5 Car Battery Tips and Tricks You’ll Wish You Knew Sooner

Uh oh! A dead car battery spells trouble. But don’t despair—these car battery tricks are as handy as a pair of jumper cables.

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If you get behind the wheel only to discover that your car’s battery has given up the ghost—and there’s no one around to give you a jump—you may be able to get your vehicle started by dropping two aspirin tablets into the battery itself. The aspirin’s acetylsalicylic acid will combine with the battery’s sulfuric acid to produce one last charge. Just be sure to drive to your nearest service station.

Plus: The Reader’s Digest Ultimate Roadside Emergency Guide

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Baking soda
Photo: Shutterstock

Baking Soda

Eliminate the corrosive build-up on your car’s battery terminals. Scrub them clean using an old toothbrush and a mixture of three tablespoons baking soda and one tablespoon warm water. Wipe them off with a wet towel and dry with another towel. Once the terminals have completely dried, apply a bit of petroleum jelly around each terminal to deter future corrosive build-up.

Plus: 9 Strange Car Sounds—And What They Could Mean

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Epsom salt
Photo: Shutterstock

Epsom Salt

Is your car battery starting to sound as if it won’t turn over? Worried that you’ll be stuck the next time you try to start your car? Give your battery a little more life with this potion. Dissolve about an ounce of Epsom salt in warm water and add it to each battery cell.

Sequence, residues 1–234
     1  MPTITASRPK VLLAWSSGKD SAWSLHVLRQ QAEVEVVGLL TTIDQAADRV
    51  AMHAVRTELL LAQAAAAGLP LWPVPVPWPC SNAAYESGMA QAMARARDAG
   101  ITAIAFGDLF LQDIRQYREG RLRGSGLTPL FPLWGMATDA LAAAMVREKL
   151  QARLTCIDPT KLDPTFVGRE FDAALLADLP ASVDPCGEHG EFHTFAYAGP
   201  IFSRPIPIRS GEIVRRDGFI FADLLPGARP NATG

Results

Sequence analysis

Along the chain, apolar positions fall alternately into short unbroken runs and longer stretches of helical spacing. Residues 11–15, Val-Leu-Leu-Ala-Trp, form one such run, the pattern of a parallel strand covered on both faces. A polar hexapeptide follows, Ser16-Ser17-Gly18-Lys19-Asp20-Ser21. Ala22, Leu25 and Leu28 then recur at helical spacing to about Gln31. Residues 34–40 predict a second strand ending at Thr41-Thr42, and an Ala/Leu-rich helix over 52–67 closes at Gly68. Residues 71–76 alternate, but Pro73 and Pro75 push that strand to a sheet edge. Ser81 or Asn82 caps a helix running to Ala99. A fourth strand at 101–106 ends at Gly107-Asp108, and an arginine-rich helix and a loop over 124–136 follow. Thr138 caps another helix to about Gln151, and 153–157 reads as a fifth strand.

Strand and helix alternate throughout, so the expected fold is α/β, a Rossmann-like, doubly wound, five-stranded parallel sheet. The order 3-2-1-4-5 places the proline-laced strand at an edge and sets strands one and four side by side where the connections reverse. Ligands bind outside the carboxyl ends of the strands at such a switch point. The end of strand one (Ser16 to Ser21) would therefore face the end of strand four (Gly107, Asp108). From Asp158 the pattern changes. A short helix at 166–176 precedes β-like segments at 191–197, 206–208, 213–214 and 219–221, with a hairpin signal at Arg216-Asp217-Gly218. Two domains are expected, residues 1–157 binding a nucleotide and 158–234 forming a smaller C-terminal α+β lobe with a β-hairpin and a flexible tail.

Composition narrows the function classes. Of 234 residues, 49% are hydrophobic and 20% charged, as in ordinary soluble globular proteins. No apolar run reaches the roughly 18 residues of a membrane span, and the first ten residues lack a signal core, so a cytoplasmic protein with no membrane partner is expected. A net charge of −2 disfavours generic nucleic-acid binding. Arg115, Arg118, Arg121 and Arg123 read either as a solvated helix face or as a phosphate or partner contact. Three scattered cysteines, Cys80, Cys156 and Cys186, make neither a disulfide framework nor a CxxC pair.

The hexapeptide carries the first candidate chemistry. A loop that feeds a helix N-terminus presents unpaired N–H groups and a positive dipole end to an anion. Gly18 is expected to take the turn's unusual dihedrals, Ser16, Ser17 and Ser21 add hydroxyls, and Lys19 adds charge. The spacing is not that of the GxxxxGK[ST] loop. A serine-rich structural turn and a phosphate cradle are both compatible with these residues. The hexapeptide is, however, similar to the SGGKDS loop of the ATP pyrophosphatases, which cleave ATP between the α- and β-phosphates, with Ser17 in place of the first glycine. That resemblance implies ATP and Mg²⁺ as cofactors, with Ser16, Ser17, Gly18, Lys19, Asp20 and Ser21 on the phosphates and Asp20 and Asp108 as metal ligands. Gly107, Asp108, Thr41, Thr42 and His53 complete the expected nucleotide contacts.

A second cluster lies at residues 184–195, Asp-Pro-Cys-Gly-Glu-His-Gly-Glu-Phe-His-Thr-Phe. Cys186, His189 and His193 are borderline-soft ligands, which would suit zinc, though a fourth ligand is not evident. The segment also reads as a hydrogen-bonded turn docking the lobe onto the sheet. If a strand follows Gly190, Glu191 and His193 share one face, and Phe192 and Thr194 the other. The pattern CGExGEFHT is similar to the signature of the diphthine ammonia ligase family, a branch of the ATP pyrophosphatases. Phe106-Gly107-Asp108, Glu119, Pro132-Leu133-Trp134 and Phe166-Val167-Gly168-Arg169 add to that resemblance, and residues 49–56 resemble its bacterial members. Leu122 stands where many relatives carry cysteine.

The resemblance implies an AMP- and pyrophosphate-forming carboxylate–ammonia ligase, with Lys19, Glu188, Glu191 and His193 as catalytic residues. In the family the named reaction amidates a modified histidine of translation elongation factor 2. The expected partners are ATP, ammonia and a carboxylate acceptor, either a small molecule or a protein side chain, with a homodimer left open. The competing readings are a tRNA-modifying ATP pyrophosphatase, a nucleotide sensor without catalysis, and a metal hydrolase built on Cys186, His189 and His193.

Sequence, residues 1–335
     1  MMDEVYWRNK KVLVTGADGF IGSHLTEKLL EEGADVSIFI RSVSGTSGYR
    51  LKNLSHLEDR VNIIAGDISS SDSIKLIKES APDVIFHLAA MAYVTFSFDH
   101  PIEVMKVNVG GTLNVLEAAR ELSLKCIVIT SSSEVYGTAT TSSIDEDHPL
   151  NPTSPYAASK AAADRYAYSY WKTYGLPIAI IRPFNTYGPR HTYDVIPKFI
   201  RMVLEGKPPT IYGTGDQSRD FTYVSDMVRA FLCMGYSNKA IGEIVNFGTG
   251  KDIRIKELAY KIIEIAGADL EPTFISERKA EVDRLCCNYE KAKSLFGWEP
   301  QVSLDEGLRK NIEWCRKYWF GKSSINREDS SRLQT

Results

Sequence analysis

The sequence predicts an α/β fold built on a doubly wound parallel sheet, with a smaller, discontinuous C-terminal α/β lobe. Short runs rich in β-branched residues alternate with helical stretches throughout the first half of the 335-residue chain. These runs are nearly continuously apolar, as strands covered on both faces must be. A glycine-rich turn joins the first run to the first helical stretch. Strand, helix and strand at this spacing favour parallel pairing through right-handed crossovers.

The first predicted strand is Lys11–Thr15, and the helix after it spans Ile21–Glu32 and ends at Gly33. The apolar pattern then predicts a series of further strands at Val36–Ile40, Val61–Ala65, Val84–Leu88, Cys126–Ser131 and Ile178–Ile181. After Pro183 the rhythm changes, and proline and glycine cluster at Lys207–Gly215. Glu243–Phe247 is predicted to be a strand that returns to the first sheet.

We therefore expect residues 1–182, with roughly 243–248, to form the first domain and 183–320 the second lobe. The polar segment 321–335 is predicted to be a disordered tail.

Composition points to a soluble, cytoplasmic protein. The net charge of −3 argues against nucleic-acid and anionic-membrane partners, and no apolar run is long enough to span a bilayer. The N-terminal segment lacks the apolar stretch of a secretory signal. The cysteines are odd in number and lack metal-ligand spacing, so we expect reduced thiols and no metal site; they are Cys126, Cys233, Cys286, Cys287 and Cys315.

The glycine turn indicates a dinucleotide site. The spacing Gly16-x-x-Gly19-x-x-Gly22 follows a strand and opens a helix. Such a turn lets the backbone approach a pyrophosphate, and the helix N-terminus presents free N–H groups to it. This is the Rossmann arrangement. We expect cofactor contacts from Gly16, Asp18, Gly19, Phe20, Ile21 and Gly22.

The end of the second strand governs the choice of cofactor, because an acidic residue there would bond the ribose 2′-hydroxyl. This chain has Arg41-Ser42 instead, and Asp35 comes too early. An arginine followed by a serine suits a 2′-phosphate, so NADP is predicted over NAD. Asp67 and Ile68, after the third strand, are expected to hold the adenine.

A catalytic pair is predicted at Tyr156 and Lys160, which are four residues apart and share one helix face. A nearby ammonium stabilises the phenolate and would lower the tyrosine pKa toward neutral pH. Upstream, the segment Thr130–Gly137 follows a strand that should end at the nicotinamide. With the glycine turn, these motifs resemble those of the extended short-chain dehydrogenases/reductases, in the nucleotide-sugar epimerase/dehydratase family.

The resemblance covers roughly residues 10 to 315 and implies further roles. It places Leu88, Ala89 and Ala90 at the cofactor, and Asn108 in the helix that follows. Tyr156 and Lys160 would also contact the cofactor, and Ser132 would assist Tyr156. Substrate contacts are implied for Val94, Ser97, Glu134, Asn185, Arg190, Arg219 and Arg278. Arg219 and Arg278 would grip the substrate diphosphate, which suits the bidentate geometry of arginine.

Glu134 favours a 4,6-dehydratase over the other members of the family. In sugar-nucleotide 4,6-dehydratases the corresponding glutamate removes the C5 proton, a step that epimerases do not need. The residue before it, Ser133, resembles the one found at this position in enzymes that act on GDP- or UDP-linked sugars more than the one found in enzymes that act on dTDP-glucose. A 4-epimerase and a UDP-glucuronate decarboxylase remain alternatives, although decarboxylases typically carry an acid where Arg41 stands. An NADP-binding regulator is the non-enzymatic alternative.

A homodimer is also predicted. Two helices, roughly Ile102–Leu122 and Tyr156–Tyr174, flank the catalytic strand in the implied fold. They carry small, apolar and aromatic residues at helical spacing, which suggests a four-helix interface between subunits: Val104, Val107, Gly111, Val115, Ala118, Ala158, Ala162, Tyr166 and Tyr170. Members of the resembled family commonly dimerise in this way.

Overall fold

Plus: 20 Secrets Your Auto Mechanic Won’t Tell You

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White petroleum jelly
Photo: Shutterstock

Petroleum jelly

It’s no coincidence that your car battery always dies on the coldest winter day. Low temperatures increase electrical resistance and thicken engine oil, making the battery work harder. Corrosion on the battery terminals also increases resistance and might just be the last straw that makes the battery give up. Before winter starts, disconnect the terminals and clean them with a wire brush. Reconnect, then smear with petroleum jelly. The jelly will prevent corrosion and help keep the battery cranking all winter long.

Plus: 13 Things You Should Know About Car Maintenance

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Photo: Shutterstock


Yes, it’s true, the acidic properties of soda pop will help to eliminate corrosion from your car battery. Nearly all carbonated soft drinks contain carbonic acid, which helps to remove stains and dissolve rust deposits. Pour some soda over the battery terminals and let it sit. Remove the sticky residue with a wet sponge.

Plus: 7 Ways You’re Completely Wasting Money on Your Car

Reader's Digest
Originally Published in Reader's Digest